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Cerebellum. 2007;6(4):308-14. doi: 10.1080/14734220601142878. Epub 2007 Jan 19.

N-acetylcysteine and neurodegenerative diseases: basic and clinical pharmacology.

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Research Unit of Pharmacology, Department of Clinical Pharmacy, College of Pharmacy, Nihon University, Funabashi, Japan.


Increasing lines of evidence suggest a key role of oxidative stress in neurodegenerative diseases. Alzheimer's disease, Parkinson's disease, myoclonus epilepsy of the Unverricht-Lundborg type, spinocerebellar degeneration, tardive dyskinesia and Down's syndrome have been associated with several mitochondrial alterations. Oxidative stress can decrease cellular bioenergetic capacity, which will then increase the generation of reactive oxygen species resulting in cellular damage and programmed cell death. First, this review examines the mechanisms of action of N-acetylcysteine (NAC), an antioxidant and a free radical-scavenging agent that increases intracellular GSH, at the cellular level. NAC can act as a precursor for glutathione synthesis as well as a stimulator of the cytosolic enzymes involved in glutathione regeneration. The chemical properties of NAC include redox interactions, particularly with other members of the group XIV elements (selenium, etc.) and ebselen, a lipid-soluble seleno-organic compound. Second, NAC has been shown to protect against oxidative stress-induced neuronal death in cultured granule neurons. Recent findings on the protective effect of NAC against 4-hydroxynonenal (HNE)-induced toxicity in cerebellar granule neurons are summarized. Finally, the protective pharmacokinetics of NAC in humans and the possible usefulness of NAC for the treatment of neurodegenerative diseases are discussed with reference to basic and clinical studies.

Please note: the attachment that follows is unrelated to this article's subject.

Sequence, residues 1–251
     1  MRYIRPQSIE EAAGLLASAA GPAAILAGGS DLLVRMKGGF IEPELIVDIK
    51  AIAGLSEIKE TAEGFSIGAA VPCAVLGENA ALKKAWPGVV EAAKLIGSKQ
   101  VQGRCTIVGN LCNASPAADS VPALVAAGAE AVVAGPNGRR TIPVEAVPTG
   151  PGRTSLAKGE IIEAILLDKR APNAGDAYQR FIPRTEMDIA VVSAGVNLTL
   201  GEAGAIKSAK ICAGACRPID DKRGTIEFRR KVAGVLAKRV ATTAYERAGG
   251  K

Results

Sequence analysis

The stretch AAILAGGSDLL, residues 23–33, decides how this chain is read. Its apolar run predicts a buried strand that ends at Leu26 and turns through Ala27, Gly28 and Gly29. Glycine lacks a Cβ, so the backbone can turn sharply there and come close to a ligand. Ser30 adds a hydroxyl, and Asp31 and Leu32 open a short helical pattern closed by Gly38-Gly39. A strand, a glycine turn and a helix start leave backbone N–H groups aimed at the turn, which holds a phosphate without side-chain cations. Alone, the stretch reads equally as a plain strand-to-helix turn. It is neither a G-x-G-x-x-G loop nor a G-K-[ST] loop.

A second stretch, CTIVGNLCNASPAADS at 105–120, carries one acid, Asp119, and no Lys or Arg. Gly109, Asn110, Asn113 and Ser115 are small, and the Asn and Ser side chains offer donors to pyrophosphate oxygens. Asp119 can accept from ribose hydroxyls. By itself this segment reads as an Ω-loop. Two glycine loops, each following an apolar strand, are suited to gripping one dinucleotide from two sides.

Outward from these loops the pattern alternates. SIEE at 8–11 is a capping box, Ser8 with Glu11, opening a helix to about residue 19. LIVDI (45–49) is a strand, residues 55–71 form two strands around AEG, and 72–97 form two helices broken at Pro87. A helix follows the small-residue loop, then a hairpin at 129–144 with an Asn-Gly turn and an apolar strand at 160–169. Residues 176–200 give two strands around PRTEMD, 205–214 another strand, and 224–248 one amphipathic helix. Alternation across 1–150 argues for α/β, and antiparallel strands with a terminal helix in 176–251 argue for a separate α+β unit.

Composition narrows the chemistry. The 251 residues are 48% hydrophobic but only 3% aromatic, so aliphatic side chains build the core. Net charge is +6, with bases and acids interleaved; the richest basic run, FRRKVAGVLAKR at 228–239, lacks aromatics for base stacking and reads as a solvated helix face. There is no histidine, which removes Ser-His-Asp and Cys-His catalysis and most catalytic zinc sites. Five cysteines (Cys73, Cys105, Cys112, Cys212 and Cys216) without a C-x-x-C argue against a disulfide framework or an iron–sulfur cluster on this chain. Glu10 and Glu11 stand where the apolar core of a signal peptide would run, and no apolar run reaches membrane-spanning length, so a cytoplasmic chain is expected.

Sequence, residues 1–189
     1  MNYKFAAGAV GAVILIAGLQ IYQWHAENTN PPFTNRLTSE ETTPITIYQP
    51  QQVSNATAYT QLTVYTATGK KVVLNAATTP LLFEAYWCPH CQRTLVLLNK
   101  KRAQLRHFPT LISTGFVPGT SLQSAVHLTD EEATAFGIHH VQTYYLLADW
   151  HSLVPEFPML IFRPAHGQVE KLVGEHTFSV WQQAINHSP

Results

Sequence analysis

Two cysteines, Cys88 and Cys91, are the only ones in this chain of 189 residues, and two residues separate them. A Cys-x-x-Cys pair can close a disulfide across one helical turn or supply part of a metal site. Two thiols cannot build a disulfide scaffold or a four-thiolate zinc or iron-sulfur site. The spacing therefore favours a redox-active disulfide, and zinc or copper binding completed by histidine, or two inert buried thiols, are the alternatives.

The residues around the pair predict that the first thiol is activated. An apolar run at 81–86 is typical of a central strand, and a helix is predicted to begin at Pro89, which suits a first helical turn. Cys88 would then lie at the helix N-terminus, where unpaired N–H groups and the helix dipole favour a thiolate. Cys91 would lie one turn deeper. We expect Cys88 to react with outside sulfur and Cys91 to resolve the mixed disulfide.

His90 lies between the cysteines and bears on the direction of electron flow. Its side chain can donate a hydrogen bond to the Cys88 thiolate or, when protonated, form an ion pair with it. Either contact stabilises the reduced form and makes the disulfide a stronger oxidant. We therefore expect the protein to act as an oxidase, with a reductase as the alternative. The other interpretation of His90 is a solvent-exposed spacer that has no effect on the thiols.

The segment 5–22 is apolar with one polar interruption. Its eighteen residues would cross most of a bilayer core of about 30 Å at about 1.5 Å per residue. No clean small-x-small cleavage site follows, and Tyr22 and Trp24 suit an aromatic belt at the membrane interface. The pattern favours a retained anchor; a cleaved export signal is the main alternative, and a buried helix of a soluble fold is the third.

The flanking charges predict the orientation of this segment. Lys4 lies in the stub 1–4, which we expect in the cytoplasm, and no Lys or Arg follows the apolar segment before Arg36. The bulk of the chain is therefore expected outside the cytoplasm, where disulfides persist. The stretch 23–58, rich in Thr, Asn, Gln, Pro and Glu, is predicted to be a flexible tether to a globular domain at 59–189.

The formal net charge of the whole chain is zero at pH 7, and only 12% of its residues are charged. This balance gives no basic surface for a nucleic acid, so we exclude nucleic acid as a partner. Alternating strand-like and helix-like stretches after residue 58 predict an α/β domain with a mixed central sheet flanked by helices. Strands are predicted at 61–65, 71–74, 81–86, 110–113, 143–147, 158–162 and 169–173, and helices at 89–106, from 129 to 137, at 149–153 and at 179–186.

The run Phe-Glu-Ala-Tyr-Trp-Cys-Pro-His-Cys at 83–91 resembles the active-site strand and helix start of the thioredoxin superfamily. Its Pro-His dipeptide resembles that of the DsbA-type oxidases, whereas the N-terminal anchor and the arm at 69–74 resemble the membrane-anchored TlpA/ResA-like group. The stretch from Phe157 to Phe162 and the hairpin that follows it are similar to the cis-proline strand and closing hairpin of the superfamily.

[Indexed for MEDLINE]

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